Pump-limited kW-class operation in a multimode fiber amplifier using adaptive mode control was achieved. A photonic lantern front end was used to inject an arbitrary superposition of modes on the input to a kW-class fiber amplifier to achieve a nearly diffraction-limited output. We report on the adaptive spatial mode control architecture which allows for compensating transverse-mode disturbances at high power. We also describe the advantages of adaptive spatial mode control for optical phased array systems. In particular, we show that the additional degrees of freedom allow for broader steering and improved atmospheric turbulence compensation relative to piston-only optical phased arrays.
We demonstrate, for the first time to our knowledge, successful beam control of a fiber optic phased array containing a large number of polarization maintaining fibers. As many as forty-eight fibers have been coherently combined via individual all-fiber phase modulators. The residual phase error is less than 1/30th of a wave. Results with both near-field interferometric control and target-in-the-loop control have been obtained. Experimental results are compared with numerical simulations and excellent agreement has been achieved. We investigated propagation of this phased array output through a turbulent atmosphere, and used the all-fiber phase modulators for the compensation of turbulence effects on the array output. This work paves the way towards scaling such fiber optic phased arrays to very high fiber count. Eventually thousand of fibers can be controlled via such a scheme.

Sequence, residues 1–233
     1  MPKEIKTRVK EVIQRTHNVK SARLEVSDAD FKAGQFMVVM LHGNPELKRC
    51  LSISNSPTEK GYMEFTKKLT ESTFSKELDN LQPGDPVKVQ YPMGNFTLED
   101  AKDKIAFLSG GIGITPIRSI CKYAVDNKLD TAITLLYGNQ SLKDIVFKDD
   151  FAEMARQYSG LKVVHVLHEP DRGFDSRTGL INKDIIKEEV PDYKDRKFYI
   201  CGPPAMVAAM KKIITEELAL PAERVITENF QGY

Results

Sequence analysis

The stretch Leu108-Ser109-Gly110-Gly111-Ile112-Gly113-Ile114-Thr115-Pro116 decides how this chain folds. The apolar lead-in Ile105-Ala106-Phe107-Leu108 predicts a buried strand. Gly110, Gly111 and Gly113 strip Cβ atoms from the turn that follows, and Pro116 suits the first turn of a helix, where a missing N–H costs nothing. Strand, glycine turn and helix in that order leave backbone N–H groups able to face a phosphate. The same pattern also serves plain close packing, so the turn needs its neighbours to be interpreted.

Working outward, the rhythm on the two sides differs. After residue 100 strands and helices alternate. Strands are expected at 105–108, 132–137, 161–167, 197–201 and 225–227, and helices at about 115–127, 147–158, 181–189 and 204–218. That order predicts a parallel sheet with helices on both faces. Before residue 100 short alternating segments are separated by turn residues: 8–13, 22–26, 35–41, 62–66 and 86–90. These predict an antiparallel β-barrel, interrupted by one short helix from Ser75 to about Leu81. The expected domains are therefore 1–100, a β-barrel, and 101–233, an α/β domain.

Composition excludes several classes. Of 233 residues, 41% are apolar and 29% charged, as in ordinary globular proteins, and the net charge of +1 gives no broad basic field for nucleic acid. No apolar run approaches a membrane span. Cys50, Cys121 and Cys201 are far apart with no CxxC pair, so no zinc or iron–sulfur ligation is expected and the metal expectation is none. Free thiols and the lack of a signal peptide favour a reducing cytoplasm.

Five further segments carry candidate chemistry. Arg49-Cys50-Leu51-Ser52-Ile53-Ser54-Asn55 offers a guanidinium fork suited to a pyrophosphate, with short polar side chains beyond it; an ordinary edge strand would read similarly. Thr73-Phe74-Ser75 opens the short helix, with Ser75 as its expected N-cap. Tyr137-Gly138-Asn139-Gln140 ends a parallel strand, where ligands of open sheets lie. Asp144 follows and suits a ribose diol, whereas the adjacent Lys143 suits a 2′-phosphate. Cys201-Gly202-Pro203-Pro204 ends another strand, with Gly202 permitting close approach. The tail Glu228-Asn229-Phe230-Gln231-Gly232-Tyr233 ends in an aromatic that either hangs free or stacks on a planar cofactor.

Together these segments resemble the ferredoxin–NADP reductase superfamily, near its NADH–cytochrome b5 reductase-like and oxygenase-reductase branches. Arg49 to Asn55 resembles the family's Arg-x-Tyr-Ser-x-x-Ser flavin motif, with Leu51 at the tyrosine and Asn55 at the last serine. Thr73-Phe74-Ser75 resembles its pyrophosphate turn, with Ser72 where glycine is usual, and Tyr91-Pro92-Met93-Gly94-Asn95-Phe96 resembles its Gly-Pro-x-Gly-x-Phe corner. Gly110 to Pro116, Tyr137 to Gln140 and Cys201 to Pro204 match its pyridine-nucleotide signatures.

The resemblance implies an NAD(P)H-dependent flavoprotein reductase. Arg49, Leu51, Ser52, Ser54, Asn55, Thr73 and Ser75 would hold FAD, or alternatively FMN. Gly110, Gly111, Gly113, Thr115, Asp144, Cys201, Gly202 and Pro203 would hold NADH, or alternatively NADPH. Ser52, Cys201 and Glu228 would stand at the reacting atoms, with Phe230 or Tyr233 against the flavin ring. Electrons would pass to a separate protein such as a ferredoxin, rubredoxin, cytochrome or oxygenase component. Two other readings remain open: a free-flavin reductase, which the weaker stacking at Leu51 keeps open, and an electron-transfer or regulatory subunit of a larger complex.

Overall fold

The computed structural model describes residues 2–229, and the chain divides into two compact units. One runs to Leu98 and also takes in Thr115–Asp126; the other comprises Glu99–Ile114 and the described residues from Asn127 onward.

For some beam-control applications, we can rely on the cooperation of the target when gathering information about the target location and the state of the atmosphere between the target and the beam-control system. The typical example is a cooperative point-source beacon on the target. Light from such a beacon allows the beam-control system to track the target accurately, and, if higher-order adaptive optics is to be employed, to make wave-front measurements and apply appropriate corrections with a deformable mirror. In many applications, including directed-energy weapons, the target is not cooperative. In the absence of a cooperative beacon, we must find other ways to collect the relevant information. This can be accomplished with an active-illumination system. Typically, this means shining one or more lasers at the target and observing the reflected light. In this paper, we qualitatively explore a number of difficulties inherent to active illumination, and suggest some possible mitigation techniques.